Link to What's New This Week CRMJ/SOCA 233: Criminology

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Criminology Preparations

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Created: June 22, 2003
Latest Update: November 15, 2003

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Site Teaching Modules CRMJ/SOCA 233 Criminology:
Week 14 Crime Typologies
You will be held accountable for purposes of grading for the readings and exercises listed here. There will be no "testing." That means that you will not have to live in anxious anticipation of what we will ask and how much you will have to know. Instead, we will provide weekly discussion questions, lectures, essays, and concepts we feel that you should know as a result of having taken this course. You will assure us of that learning and receive your grade for the questions and concepts about which you choose to write and talk with us. In addition, you will find detailed explanations and examples on our grading policies in the first week's reading.

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Week 14: Week of November 30, 2003

  • Topic: Crime Typologies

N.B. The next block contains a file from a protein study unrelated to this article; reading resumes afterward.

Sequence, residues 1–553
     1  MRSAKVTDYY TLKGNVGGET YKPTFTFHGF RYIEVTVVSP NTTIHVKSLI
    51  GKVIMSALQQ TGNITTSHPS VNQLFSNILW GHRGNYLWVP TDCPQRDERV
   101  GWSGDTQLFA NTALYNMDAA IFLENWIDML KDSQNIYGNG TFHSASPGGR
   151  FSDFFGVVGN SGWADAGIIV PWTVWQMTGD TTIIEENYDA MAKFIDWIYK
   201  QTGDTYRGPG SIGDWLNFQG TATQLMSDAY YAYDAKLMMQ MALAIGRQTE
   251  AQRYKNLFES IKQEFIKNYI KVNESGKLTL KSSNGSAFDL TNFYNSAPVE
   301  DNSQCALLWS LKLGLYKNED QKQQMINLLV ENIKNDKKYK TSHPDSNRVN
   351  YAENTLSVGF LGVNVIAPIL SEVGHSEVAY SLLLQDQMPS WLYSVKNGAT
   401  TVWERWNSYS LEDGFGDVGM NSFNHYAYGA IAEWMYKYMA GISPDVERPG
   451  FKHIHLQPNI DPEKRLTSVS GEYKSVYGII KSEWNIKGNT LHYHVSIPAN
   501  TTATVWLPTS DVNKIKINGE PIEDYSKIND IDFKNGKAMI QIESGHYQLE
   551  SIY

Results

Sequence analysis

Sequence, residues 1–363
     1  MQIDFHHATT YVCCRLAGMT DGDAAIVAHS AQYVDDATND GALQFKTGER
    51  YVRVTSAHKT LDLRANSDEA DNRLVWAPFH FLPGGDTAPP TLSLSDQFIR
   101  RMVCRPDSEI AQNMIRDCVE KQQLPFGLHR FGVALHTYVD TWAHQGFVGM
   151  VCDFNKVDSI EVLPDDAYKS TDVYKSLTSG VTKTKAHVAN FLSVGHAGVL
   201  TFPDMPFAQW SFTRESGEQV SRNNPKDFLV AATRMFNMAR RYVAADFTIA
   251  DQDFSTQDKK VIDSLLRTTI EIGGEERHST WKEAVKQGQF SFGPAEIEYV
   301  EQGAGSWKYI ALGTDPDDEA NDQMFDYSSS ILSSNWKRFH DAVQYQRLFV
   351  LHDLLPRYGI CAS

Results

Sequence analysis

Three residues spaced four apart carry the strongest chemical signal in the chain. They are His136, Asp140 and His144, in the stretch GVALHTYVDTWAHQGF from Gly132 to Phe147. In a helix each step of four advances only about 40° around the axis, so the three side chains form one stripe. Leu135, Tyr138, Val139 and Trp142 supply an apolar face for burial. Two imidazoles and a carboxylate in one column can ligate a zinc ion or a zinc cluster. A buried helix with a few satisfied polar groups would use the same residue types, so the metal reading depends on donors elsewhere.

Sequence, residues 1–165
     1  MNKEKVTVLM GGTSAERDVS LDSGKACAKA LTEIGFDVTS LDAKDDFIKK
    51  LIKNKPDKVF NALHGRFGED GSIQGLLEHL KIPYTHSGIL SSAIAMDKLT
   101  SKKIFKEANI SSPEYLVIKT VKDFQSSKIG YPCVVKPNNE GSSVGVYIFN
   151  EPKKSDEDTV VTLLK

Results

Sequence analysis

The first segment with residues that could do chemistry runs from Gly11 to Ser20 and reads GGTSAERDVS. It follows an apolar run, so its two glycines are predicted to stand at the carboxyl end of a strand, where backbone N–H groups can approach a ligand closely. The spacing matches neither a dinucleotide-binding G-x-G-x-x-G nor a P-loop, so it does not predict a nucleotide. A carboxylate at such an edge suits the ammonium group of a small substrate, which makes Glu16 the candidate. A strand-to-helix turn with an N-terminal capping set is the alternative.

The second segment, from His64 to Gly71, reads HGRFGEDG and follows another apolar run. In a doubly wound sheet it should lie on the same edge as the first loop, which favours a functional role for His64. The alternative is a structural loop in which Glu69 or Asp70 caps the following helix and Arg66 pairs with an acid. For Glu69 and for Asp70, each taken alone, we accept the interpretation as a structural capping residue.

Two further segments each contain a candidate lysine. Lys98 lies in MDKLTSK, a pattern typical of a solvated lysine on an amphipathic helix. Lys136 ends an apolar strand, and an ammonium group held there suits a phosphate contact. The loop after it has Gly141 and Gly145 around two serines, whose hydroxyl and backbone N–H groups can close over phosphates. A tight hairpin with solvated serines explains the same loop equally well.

• Preparatory Readings & Other Materials:
    • Pollock. Criminal Women. ch. 2 and 3
    • Documentary: "Crime in the Suites" to be shown in class
    • optional -- Adler. Criminology. ch.13 and 14
    • Williams and McShane. Criminology Theory. no chapters this week.

  • Lecture: in class

    • Concepts:

      • violent crimes
      • property crimes
      • victimless crimes
      • white collar crimes

    • Discussion Questions:

      1. Define white collar crime.

      2. In Criminal Violence, Criminal Justice , Charles Silberman noted that violence is as American as mom and apple pie. Do you agree or disagree with Silberman? Why.

      3. Briefly compare and contrast how the strain theorist, labeling theorist and Marxist would explain the causes of and the solutions to violent crimes? Which perspective do you agree with the most? Why.

  • Past Lectures and Related Links:

      Theory Resources Page

      Sourcebook of Criminal Justice Statistics

  • Some Recommended Activities:

    1. Show and Tell: Bring in a current event on white collar crime or find a program (other than those mentioned in the readings or lectures) illustrating violence reduction .

    2. Explore one of these topics:
      --- Trace the history of organized crime.
      --- Should victimless crimes be legalized? Why.
      --- Where does your state rank according to rates of violent crime?
      --- Examine hate crimes.
      --- What are the arguments on both sides of the gun control debate? Which side do you take? Why.
      --- Besides hate crimes, what other "new" crimes have emerged in recent years. Why.

    3. Recommended Readings

      Charles Silberman. Criminal Violence, Criminal Justice .

      Susan Brownmiller. Against Our Will .




Now, check the Minimum Requirements for Criminology, Week 13 and 14.



Site Copyright: Jeanne Curran and Susan R. Takata and Individual Authors, June 2003.
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